Here are some facts for drone usages from the FAA, USDOT and AUVSI. Don’t forget your state and local regulation also piggy back on national regulations and they may have made their additions to the rules too.
The Federal Aviation Authority, FAA, has had numerous publications dating back to 2012, with a few publications during some years prior, for drone regulations. The FAA labels “drones” as sUMA (small unmanned aircraft), UMA (unmanned aircraft), UMS (unmanned aircraft systems) etc. Confusing right? An additional reason why drone is an umbrella word.
The FAA has missed several deadlines toward the developments of these regulations. Congress had to get after them and these rules are still in draft form, which are now under public review and can change. A full working regulatory ruling is set for Q4 of 2016, however, the FAA, will likely miss this deadline as well.
The best practice for new drone pilots is to start with the site know before you fly . This FAA collaboration program will give you some basic understandings about what is expected from drone pilots with videos and reads.
For the drone hobbyist and its recreational use, the current rules are simple, but there are more rules that are not listed unless you visit several online FAA resources. For now here are the basics:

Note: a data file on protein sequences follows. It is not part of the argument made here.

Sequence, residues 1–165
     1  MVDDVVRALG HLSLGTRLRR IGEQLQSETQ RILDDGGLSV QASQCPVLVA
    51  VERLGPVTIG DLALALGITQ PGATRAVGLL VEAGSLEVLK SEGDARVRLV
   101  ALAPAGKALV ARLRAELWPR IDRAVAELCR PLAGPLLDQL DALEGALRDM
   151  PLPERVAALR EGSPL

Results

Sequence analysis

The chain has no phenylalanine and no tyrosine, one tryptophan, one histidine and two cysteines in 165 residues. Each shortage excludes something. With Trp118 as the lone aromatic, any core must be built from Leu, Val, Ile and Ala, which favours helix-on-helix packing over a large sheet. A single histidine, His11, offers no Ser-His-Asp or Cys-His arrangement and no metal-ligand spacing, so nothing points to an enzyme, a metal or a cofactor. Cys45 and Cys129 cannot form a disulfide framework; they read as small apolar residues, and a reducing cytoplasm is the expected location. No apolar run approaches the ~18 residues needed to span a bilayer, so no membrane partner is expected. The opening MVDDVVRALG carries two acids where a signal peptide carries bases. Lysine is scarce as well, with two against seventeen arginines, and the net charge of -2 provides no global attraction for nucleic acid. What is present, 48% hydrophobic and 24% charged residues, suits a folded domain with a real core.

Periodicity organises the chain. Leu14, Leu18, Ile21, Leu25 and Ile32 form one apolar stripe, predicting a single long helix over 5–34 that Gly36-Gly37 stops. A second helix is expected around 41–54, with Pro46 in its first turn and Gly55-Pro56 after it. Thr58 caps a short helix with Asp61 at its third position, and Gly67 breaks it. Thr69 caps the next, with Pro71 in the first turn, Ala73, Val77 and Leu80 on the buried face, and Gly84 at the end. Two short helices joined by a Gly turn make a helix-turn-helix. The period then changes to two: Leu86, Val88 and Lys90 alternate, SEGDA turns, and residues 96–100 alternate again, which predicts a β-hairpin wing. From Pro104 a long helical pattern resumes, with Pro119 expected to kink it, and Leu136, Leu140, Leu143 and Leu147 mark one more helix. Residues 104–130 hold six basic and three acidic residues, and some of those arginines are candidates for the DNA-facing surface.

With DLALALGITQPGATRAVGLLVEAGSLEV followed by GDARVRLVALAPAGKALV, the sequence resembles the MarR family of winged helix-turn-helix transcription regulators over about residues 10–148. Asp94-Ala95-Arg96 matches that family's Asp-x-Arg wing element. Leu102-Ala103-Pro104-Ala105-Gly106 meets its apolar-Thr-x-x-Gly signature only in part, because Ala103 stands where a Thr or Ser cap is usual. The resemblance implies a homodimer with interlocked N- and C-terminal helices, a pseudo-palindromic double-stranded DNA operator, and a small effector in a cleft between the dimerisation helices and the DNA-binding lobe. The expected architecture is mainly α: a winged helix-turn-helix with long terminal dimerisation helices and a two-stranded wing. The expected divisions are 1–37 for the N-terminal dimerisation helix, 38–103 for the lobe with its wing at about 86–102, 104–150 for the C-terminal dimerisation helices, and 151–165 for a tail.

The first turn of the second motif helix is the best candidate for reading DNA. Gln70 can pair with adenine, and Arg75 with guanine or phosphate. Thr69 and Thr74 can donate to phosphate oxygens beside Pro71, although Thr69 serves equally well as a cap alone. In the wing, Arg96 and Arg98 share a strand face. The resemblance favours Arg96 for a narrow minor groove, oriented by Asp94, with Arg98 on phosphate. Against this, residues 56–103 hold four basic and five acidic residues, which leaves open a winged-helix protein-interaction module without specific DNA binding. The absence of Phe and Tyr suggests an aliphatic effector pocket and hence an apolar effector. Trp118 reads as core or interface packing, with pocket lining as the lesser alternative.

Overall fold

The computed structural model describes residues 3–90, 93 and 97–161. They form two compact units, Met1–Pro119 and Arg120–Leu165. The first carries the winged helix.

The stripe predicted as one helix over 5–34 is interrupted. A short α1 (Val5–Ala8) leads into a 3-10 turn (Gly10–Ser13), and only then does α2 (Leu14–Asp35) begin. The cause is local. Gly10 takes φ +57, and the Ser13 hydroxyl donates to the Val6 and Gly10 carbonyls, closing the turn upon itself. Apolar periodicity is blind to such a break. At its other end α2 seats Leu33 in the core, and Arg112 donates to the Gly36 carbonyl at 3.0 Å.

- Fly below 400 feet and remain clear of surrounding obstacles
- Keep the aircraft within visual line of sight at all times
- Remain well clear of and do not interfere with manned aircraft operations
- Don't fly within 5 miles of an airport unless you contact the airport and control tower before flying
- Don't fly near people or stadiums
- Don't fly an aircraft that weighs more than 55 lbs
- Don't be careless or reckless with your unmanned aircraft – you could be fined for endangering people or other aircraft
- No peeping Tom foolery...Okay I added that but there are “peeping Tom” laws and besides just don’t do it.
You can read more from the FAA website or click here for the PDF version. This will also include the commercial usages as well as extras about FPV (First Person Point of View) cameras. Oh! Also the PDF will state the max height is 500 feet. NO IT IS NOT! 400 is your max.
Now let’s look at some additions to the FAA rules not covered as well for the hobbyist.